“We’re not going to accept white supremacy,” Romero said. “We are not pardoning white supremacy under his administration.”
Trump has also sounded the immigration theme by lashing out at Sen. Jeff Flake (R-Ariz.) on Twitter last week, calling him “WEAK on borders.” In the same tweet, Trump threw his support behind Flake’s primary challenger, Kelli Ward, a former state senator who is campaigning as a Trump devotee. Ward aired a television ad Monday that derided Flake’s conservative credentials, in large part for not supporting the construction of Trump’s proposed border wall enthusiastically enough.
Even if Trump hadn’t floated the idea of pardoning Arpaio or unseating Flake, holding a campaign-style rally in conservative Arizona likely would have sent the message that Trump hopes to play to his base by resurfacing the contentious and ethnically divisive issue that has defined him as a politician since the day he launched his presidential bid by referring to Mexicans as “rapists” and “killers” who are bringing crime into the U.S.
The last time Trump held a rally in Phoenix was in August 2016, in the heat of the presidential race. He used the event to dismiss a series of reports indicating he might adopt a softer tone on immigration after winning the Republican Party primary.
“Every trip he’s made to Arizona, immigration was the issue,” Grijalva said. “He wants to coddle and comfort the alt-right and extremists in his base at the expense of the rest of us.”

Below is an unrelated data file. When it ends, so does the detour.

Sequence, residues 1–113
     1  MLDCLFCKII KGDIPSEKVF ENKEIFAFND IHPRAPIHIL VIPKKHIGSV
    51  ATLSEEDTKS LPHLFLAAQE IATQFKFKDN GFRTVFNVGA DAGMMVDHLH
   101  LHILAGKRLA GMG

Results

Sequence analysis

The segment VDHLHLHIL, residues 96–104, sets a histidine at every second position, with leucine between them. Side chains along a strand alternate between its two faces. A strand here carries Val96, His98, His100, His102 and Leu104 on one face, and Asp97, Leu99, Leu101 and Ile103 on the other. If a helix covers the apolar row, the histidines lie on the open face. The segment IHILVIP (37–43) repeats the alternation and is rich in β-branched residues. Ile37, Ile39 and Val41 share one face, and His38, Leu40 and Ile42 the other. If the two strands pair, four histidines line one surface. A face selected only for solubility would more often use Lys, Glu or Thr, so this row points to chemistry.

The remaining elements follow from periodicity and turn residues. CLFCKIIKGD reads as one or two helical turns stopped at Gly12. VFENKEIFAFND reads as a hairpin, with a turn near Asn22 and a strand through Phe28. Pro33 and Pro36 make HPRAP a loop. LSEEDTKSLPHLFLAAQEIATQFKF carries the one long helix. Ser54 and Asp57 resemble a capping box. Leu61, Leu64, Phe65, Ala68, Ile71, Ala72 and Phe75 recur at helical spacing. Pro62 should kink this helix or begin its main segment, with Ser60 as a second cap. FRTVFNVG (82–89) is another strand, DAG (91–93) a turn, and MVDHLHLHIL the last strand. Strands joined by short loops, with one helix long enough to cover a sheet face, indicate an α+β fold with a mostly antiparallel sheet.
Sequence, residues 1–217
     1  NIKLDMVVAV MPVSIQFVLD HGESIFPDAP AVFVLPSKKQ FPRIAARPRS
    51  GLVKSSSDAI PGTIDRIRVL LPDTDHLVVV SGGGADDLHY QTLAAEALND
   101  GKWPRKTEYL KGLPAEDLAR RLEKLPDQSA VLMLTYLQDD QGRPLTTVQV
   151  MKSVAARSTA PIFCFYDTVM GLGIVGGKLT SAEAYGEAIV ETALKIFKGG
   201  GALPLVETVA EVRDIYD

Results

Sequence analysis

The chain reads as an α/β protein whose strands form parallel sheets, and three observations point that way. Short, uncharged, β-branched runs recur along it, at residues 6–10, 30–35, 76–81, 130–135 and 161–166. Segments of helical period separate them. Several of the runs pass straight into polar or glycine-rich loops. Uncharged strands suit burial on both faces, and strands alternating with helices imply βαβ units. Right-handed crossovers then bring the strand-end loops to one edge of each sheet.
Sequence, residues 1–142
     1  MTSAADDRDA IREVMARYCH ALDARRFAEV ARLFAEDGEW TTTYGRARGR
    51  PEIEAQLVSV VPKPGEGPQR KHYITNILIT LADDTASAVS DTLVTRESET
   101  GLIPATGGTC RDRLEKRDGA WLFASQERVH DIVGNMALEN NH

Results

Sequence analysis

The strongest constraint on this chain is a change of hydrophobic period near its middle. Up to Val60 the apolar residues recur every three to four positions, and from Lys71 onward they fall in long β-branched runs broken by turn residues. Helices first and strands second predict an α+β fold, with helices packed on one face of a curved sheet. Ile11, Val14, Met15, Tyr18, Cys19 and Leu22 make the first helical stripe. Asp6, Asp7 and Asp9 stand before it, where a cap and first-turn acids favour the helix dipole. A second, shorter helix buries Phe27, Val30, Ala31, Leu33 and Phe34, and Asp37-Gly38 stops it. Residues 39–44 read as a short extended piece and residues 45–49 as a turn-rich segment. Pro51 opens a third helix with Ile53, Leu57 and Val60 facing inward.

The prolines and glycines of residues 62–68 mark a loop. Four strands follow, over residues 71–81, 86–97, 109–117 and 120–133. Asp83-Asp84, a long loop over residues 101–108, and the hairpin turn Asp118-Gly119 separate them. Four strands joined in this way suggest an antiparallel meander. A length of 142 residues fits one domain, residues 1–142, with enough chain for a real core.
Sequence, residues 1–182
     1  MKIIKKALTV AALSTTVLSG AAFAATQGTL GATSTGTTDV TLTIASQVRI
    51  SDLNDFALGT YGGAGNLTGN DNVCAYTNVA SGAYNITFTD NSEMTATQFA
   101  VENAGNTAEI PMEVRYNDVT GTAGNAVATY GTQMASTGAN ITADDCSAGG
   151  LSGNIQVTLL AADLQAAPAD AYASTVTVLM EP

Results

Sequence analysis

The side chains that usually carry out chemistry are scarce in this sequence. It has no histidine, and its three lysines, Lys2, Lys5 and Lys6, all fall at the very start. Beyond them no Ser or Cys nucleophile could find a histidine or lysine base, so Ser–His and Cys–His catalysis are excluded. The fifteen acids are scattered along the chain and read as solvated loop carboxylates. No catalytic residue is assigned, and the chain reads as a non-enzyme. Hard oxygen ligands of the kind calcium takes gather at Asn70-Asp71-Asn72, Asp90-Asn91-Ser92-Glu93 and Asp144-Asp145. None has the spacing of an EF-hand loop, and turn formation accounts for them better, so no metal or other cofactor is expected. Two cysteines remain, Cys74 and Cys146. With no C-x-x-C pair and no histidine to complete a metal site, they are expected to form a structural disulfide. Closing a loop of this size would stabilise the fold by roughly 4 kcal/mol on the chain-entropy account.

Arizona’s Republican-dominated Legislature cast itself as the vanguard of the immigration debate in 2010 by passing Senate Bill 1070, which requires police to check the immigration papers of those they stop. While the U.S. Supreme Court ultimately gutted that law and the business community pressured state leaders to tone down their rhetoric on immigration, the state distinguished itself as a conservative bastion willing to challenge the federal government when it comes to the border.
That independent sensibility and tough-on-crime mindset often appeals to both mainstream Republicans and more extremist and openly racist groups here. Some 18 hate groups operate in Arizona, according to the Southern Poverty Law Center, and the state is home to vigilante groups that patrol the border in their free time.
He wants to coddle and comfort the alt-right and extremists in his base at the expense of the rest of us. Rep. Raúl Grijalva (D-Ariz.)